Here, “celebrated futurist” (according to the book’s description) Khanna basically does all he can to trash anything remotely Western (and particularly American) while seeking a society that is technologically tyrannical and ruled by the young. (Thus, “technotyrannical neoarchy”.) His hubris in claiming that technology and skills are all that matters – and not pesky things like basic human rights and physical geographies – is utterly mind blowing. And his lack of documentation – barely 10% of this advanced reader copy edition I read was bibliography – is truly astounding for such major claims. Perhaps he thinks he gets away with this by claiming to be a “futurist”? Your projections are only as good as your source material, bub, and I expect to see it if you want to make such utterly fantastical claims as claiming that Wakanda is a possibly real society (specifically in saying that Black Panther is a “futuristic” film without ever even alluding to the term “science fiction”, as in “Black Panther is a futuristic science fiction film”) or that iFunny is a major Gen Z social media platform. Also, proclaiming the mobile home to be the “ultimate symbol of the new American mobility” is so utterly laughable in and of itself that this book should not be classified in any genre but humor.
If you’re reading this review and want actual looks at how migration works and the various issues world powers will be looking at over the coming decades, you’re *MUCH* better off with Sonia Shah’s The Next Great Migration or Tim Marshall’s The Power Of Geography and Prisoners of Geography – yes, even with Marshall’s own shortsightedness on some issues.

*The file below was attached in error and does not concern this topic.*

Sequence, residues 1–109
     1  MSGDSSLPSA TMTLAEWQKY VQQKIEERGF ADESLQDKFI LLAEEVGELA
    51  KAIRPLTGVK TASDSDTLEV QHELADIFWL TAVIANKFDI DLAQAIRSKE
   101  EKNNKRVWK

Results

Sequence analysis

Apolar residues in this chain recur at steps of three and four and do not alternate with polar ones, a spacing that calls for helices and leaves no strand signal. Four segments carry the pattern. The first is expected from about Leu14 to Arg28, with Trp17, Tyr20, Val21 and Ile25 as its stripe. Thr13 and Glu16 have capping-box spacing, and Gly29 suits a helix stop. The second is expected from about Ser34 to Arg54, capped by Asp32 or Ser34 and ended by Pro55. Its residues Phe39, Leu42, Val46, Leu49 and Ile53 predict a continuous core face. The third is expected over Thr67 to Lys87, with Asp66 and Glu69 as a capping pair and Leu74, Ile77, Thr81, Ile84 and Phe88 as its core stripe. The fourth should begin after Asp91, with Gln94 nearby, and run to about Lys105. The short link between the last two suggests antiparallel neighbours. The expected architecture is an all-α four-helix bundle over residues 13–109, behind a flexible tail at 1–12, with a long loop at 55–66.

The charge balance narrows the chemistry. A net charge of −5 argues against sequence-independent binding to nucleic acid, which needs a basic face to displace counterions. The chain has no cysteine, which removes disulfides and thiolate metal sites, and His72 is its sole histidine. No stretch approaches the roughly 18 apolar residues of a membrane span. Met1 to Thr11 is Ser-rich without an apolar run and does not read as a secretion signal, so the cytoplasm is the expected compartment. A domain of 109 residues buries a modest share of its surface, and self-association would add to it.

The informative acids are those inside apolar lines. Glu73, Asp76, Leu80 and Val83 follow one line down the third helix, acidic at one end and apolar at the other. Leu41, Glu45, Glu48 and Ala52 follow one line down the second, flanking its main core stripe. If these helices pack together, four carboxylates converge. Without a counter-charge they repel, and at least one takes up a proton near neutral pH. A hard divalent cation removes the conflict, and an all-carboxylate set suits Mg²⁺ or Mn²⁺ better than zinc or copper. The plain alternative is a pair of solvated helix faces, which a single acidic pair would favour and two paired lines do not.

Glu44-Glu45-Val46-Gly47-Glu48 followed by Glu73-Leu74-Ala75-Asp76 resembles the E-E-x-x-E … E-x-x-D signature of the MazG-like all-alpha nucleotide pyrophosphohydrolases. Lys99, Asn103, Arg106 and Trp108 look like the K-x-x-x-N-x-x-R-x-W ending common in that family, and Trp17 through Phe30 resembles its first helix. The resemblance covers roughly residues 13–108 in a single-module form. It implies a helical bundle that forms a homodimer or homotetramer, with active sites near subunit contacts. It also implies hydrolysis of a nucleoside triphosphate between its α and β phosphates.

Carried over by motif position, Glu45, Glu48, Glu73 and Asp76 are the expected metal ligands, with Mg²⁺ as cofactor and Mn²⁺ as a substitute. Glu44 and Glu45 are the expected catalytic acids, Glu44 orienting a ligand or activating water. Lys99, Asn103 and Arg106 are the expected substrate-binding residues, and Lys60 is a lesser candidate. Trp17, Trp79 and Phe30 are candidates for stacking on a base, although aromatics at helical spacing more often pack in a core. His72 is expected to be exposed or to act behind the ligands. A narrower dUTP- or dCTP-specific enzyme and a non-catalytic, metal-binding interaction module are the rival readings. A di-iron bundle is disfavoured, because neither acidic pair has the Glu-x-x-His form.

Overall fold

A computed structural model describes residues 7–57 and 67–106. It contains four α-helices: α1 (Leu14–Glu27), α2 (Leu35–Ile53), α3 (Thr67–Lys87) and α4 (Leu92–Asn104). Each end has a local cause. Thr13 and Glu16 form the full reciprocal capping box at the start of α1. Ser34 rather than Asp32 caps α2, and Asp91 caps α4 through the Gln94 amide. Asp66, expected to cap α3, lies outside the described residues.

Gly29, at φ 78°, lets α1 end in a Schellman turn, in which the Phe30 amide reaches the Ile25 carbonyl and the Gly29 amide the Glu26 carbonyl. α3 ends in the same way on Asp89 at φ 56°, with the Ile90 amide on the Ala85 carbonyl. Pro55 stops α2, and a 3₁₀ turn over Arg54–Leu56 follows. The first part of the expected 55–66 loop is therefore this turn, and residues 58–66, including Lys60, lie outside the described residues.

This book is thus not recommended at all, unless you happen to have high tolerances for pain and are particularly masochistic. Which is a major shame, since the title and subtitle were so promising.
Wildly … Imaginative… Reasoning, Close Yet Still Incorrect Conclusion. Most any math teacher (even former ones like myself) have stories of situations where when told to “show their work”, a student somehow has so-incorrect-as-to-nearly-be-incomprehensible reasoning, but somehow still manages to wind up at an answer that is close but still not quite correct. Maybe a decimal point in the wrong position, but the right actual digits in the right sequence, for example. Another example relevant here would be a space mission to explore Jupiter’s moon Europa that somehow launches when Jupiter is at its furthest point from Earth and launches away from Jupiter (or any reasonable path to the planet) to boot… and yet still manages to wind up on Callisto – another of the Galilean Moons of Jupiter with similar properties, though not the originally intended target and not as rich in desired attributes for the science aboard the mission.
This is effectively what Smaje has done here. More conservative readers may not make it even halfway into the first chapter, which is little more than a *very* thinly veiled anti-capitalist diatribe. Even more liberal/ progressive readers will have some tough pills to swallow with Smaje’s ardent defense of at least some forms of private property as the chief means of achieving his goals. And at the end, Smaje does in fact manage to do at least some version of what he sets out to do – make some level of a case for A Small Farm Future. The case Smaje makes here is indeed intriguing, despite being so deeply flawed, and absolutely worthy of further examination and discussion. It seems that he is simply too blinded by his own political and philosophical backgrounds to truly make the case as it arguably should have been made. Recommended.